The station is served only during weekday rush hours in the peak direction (to Long Island City in the morning, from Long Island City in the evening) by diesel trains from the Oyster Bay, Montauk, or Port Jefferson Branches via the Main Line. There is a connection to the Lower Montauk Branch, but as of November 2012[update], no LIRR trains run on that branch, and the Lower Montauk is now leased to and controlled by the New York and Atlantic Railway, which uses the line exclusively for freight operations.[better source needed]
This station was built on June 26, 1854, and rebuilt seven times during the 19th Century. On December 18, 1902, both the two-story station building and office building owned by the LIRR burned down. The station was rebuilt on April 26, 1903, and electrified on June 16, 1910.
Before the East River Tunnels were built, this station served as the terminus for Manhattan-bound passengers from Long Island, who took ferries to the East Side of Manhattan. The passenger ferry service was abandoned on March 3, 1925, although freight was carried by car floats through Gantry Plaza State Park to and from Manhattan until the middle 20th century. Today, ferry service is operated by NY Waterway. The station house was torn down again in 1939 for construction of the Queens–Midtown Tunnel, but still continued to operate as an active station, as it does today.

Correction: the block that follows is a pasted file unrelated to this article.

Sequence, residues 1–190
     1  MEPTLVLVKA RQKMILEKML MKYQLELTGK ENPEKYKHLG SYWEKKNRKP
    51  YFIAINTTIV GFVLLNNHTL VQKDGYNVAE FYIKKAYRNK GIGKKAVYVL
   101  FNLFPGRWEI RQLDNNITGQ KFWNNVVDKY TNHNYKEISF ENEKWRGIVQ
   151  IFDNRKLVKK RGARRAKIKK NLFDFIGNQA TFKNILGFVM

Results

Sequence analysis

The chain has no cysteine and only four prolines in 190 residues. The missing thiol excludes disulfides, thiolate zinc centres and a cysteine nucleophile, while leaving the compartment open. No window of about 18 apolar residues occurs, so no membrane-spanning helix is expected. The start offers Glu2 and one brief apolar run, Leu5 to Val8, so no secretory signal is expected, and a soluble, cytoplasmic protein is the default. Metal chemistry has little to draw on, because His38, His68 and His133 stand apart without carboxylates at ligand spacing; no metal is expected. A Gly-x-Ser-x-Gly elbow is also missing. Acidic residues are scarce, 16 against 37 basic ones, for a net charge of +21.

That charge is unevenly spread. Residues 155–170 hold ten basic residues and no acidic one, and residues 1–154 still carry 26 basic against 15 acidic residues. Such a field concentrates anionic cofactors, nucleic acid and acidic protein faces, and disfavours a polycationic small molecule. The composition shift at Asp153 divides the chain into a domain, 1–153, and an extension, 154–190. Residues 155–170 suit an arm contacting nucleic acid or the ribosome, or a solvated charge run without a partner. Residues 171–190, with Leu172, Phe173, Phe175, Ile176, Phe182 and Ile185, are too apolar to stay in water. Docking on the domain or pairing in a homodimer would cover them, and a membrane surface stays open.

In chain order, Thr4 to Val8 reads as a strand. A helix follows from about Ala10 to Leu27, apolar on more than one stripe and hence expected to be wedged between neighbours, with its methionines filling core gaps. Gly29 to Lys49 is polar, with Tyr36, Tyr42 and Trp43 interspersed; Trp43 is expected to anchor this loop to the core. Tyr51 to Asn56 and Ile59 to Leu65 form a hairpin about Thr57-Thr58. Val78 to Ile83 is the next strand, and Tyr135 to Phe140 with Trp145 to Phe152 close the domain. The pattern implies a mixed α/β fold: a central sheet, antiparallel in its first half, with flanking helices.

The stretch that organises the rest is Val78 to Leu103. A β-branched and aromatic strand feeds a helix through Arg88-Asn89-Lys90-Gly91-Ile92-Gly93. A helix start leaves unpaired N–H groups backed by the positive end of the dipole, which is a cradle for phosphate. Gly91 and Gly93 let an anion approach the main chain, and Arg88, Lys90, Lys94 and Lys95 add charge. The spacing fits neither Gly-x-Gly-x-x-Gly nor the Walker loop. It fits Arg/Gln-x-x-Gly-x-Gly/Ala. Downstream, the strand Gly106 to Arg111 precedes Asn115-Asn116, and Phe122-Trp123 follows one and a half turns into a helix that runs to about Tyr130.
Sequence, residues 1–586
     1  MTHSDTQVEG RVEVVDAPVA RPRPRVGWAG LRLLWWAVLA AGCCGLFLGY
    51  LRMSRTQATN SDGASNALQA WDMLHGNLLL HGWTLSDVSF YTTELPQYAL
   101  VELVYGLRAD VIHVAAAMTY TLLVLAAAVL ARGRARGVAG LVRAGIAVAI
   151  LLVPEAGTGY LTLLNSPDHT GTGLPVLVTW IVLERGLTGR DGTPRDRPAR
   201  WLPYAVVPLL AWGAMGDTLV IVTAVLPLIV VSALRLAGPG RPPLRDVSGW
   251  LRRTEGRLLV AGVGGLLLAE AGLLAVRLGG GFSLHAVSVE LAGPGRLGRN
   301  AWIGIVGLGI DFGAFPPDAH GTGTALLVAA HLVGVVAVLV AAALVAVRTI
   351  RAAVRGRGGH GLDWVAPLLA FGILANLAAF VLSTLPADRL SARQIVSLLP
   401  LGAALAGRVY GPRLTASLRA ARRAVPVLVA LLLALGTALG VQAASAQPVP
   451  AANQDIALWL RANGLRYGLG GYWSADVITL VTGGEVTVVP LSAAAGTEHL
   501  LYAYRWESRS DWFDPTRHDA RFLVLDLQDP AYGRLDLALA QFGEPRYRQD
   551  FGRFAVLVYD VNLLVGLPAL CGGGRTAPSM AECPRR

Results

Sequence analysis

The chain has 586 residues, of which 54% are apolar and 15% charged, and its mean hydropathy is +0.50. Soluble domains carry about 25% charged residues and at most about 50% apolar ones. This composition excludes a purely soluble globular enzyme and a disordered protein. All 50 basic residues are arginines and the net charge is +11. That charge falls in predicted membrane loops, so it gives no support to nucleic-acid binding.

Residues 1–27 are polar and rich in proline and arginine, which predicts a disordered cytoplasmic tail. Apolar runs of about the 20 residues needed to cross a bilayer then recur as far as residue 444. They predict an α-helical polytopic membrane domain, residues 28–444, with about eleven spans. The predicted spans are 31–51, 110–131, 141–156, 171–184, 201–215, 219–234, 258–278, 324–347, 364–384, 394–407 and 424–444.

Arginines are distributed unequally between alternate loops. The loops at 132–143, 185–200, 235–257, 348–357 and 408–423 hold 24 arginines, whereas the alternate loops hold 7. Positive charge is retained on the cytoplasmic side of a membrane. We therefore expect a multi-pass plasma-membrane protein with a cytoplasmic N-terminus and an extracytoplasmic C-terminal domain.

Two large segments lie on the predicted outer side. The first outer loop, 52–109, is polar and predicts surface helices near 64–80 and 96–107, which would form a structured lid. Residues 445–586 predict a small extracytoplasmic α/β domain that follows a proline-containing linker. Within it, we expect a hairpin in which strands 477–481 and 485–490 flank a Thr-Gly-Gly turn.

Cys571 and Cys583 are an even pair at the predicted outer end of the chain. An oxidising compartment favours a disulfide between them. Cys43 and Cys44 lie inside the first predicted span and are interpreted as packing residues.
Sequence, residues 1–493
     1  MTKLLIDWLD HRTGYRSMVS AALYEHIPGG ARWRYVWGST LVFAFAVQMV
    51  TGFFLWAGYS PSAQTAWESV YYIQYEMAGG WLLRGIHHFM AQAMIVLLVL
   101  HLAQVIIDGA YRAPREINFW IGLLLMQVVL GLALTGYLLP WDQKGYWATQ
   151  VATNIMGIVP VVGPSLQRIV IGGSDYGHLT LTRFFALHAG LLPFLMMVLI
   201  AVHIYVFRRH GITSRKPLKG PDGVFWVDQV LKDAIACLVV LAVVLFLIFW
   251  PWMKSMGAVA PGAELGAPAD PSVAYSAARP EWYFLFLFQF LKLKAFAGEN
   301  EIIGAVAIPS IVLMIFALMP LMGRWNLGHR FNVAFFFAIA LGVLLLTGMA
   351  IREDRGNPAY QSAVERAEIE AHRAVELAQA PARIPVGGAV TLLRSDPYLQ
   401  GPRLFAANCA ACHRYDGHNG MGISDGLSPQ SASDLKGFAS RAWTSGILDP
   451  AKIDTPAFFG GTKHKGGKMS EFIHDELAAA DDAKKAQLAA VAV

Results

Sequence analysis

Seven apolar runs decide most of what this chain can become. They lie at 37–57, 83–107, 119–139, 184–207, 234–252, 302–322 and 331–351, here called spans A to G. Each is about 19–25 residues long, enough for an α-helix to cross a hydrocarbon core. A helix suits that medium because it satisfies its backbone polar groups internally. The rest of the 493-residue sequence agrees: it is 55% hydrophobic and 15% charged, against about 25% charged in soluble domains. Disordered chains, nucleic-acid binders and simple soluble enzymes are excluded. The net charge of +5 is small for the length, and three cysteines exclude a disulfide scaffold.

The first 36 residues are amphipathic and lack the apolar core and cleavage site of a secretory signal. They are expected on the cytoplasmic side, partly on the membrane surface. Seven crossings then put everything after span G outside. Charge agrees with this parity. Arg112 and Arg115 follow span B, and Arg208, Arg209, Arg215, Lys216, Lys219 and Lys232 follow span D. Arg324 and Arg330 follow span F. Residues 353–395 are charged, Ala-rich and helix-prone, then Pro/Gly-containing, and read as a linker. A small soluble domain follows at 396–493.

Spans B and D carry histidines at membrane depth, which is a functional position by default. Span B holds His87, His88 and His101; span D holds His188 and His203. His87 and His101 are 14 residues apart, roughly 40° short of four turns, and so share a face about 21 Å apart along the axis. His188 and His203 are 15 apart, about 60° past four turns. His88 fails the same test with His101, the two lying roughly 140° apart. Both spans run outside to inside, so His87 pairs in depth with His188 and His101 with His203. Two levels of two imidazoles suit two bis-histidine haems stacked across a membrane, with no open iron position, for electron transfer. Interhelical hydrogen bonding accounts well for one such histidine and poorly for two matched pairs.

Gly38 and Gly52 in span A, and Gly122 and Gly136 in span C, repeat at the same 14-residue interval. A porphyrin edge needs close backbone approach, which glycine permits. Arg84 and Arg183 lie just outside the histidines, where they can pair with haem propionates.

This station has 13 tracks, two concrete high-level island platforms, and one wooden high-level island platform. All platforms are two cars long and accessible from Borden Avenue just west of Fifth Street. The other concrete platform adjacent to tracks 6 and 7 and the wooden one adjacent to tracks 8 and 9 are used for employees only. All tracks without platforms are used for train storage. The southernmost four tracks are powered by third rail while the remaining tracks are used only by diesel-powered trains.